Wednesday, August 29, 2018


 A two week summer vacation is a classic joy, but gardeners do it anxiously. They are anxious to go and anxious about what will happen to their gardens while they are away.   

This year my husband, Jay and I went to Edinburg, Scotland the last week of June and the first week of July.  The days were long and the weather in Scotland uncharacteristically warm and dry.  Those extra hours of sunlight in that northern latitude produce a bounty of flowers in every yard, garden and roadside wild space. 

Before leaving Old Greenwich I set up a water timer with soaker hoses to give newly planted shrubs water every other morning early.  In addition a standard sprinkler refreshed the potted rosemary, lemon verbena and a small garden area.  The system kept all those plants growing well.  But in my absence my established garden and front walk became a wild patch of crab grass and weeds in just 15 days.  When I was back home and ready to go out to root out the weeds the temperatures were in the 90s and the humidity about the same.  I only worked a short time before having to quit for the day.  

A friend gave me a wonderful suggestion of a different tool to attack the creeping grasses.  As it happens my husband has three in his work shop. I had been using my Japanese-style weeding knife and an old asparagus knife, neither of which are easy to use between the closely laid bluestone pavers.  The tool I needed is a sheetrock saw (center tool).  It cuts the roots of the grass weeds which reduced by half the time spent weeding the walk. It saved my day.

Monday, July 23, 2018

Look Carefully as You Weed your Garden

American Pennyroyal - an old friend in my garden

Behind our garage there is a small garden with brick paths.  It was installed by my father-in-law, Joe Louden sometime during the 1950s.  At the time he created the garden it was in full sun which was very good for his hybrid tea roses.  The years between then and now  large Norway maple trees on the neighbor’s property have grown tall providing shade.  

By the time I came to this house in 1995 the roses were not prospering.  When I removed those remaining I planted flowering perennials and herbs.  Most of those plants were from my prior home in Bakerville, New Hartford, Connecticut.  They did not grow because the Norway Maple roots had made a thick mat in the soil.  

With shade and competition I was reduced to whichever of my plants would grow.  Dwarf curly chives, Allium senescens glauca, for an edger, Rudbeckia seeds from a neighbor’s garden, tough Hosta sieboldiana ‘Mrs. Allen’ were enough to make the three beds look like a garden. 

In August 2017 while I was sitting weeding grass from the curly pink-flowering Alliums I found two plants growing wedged between the bricks. I was very surprised and delighted when I reached out and touched the little leaves of the plants which were only 6 inches tall.  The scent of pennyroyal brought me back to my garden planted in Pine Meadow, New Hartford in 1972. It seems that my sense of smell is primal, rooted somewhere in the brain, buried deep with memories.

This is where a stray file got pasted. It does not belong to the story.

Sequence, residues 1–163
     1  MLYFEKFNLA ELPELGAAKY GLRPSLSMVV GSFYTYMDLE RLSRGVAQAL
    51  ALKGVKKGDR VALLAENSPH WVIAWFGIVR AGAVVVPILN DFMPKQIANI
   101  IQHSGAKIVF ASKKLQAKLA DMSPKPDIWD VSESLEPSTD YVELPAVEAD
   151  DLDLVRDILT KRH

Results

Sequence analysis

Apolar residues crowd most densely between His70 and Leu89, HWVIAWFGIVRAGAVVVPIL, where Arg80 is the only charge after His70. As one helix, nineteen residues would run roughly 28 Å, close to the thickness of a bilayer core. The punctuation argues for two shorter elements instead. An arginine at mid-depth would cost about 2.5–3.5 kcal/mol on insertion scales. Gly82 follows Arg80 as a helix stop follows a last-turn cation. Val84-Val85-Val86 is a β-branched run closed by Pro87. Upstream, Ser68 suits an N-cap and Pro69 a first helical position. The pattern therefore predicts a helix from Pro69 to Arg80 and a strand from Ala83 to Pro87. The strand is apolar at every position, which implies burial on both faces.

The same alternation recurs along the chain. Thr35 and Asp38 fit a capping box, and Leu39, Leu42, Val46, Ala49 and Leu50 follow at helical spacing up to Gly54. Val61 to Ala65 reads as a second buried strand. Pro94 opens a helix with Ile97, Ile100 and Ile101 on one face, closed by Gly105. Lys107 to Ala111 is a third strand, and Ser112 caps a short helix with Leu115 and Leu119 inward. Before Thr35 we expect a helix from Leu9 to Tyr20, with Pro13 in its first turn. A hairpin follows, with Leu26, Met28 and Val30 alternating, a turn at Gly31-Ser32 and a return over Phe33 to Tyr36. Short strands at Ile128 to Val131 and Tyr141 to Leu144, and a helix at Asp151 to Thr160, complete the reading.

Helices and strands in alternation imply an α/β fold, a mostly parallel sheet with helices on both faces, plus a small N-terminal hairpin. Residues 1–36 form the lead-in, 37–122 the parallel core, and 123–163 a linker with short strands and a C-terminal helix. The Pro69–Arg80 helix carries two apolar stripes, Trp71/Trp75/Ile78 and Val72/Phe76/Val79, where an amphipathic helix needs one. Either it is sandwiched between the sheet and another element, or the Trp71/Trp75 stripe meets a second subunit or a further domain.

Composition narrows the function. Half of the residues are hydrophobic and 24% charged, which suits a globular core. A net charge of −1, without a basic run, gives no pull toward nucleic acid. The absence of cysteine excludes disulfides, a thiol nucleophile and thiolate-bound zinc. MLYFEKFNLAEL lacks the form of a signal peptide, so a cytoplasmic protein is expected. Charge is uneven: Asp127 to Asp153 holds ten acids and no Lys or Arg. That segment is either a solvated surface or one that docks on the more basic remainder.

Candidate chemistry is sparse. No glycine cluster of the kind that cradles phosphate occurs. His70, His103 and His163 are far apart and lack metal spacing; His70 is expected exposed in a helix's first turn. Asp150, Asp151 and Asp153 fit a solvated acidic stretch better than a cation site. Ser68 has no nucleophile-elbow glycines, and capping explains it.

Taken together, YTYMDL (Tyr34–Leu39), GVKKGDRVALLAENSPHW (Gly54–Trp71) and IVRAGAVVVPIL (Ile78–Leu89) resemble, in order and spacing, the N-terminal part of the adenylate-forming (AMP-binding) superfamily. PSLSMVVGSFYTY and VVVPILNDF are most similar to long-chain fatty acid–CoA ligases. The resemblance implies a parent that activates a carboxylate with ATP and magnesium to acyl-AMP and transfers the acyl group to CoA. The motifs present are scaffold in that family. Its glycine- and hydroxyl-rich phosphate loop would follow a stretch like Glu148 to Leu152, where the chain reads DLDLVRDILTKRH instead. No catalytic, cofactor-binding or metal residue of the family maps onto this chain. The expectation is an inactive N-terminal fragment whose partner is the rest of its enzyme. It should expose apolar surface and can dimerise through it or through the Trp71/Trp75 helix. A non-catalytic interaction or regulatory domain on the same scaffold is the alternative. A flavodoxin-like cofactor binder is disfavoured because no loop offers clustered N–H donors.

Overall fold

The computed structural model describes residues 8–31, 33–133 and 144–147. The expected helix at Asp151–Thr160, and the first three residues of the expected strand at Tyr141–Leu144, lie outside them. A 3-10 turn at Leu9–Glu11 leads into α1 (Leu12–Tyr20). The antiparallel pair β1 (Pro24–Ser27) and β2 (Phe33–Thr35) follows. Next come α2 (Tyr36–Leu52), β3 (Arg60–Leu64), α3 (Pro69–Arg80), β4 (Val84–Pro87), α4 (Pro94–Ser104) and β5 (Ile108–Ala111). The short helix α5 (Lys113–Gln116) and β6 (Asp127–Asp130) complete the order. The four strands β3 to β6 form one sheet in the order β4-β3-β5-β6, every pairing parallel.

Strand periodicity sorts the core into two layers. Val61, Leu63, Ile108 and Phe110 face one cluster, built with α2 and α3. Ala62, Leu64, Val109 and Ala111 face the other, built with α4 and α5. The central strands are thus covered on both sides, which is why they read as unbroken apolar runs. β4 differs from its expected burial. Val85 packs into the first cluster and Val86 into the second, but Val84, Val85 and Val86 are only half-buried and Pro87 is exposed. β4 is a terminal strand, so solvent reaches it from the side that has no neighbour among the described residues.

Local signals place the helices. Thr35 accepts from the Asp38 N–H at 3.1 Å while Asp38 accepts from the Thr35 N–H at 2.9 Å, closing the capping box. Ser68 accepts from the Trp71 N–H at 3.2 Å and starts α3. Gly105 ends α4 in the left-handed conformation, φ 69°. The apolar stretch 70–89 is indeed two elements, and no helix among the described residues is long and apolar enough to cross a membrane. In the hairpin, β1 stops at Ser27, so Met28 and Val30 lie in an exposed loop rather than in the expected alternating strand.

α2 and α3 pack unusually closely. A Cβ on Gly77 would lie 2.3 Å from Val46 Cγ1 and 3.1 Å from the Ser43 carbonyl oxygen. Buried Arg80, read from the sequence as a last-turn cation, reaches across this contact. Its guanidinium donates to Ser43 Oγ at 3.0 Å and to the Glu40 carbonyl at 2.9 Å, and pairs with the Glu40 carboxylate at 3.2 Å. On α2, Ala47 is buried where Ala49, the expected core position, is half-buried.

How could I suddenly find American pennyroyal, Hedeoma pulegioids, growing in a garden and yard where I never planted it? Those plants I grew 40 years ago would scatter their seeds and provide annual self-sown seedlings.  The plant is a New England native, hardly of interest to anyone.  It certainly is not at every garden center or seed company. How did it get to my garden?   Perhaps the seeds came in soil around plants transplanted 20 years ago, to this garden.  I will never know for certain.  

My discovery of the American pennyroyal made me check my library of herb books for more information.  Fortunately my mother, Bunny Foster did write about it in her 1966 book,Herbs for Every Garden, page 73, see the following:

Pennyroyal, American (Hedeoma pulegioides)
Height.1 foot
Leaf and blossom.  In walking through open meadows in New England  It is often possible to smell pennyroyal before you see it.  The slight plant is a bit similar in leaf and habit to basil but on a more delicate scale. Every part of it is filled with the characteristic aroma of its essential oil, Oleum Hedomae.  The few bluish flowers are in whorls: tiny blue, slightly hairy, two-lipped tubes circle the stem, projecting from the axils of the leaves.
Culture. Pennyroyal collected in the wild, as seeds or young plants, is worth getting started in the herb garden.  Cultivation improves the plants which will self-sow for many years.  Brushing against it makes weeding a fragrant job.  You won’t find American pennyroyal in any catalog.  The perennial English pennyroyal, Mentha pulegium, is offered as a plant by herb specialists, but the little wilding has to be your own discovery.
Habit. Pennyroyal is found in dry places from Canada southward through New England.  It is usually in the company of meadow violets, wild strawberries and black-eyed susans.
Uses. The U.S. Dispensatory says that American pennyroyal is a gentle stimulant aromatic which may be given for colic and a sick stomach.  It makes a pleasant tea, either fresh or dried, when steeped in boiling water.  And it proves a soothing morning beverage after a night out.
Comment. Pennyroyal may some day one studied to isolate the insect repellent oil which has proven itself over centuries through empirical uses.  A handful of the herb rubbed on the face and arms will protect the gardener from mosquitoes and small flies.

I read my mother’s words written over 50 years ago and still find them true. 

I kept close watch on the two plants I found last summer. They flowered, seeded and provided me with dozens of new plants in spring 2018. Perhaps next year I will have enough to share with my gardening friends.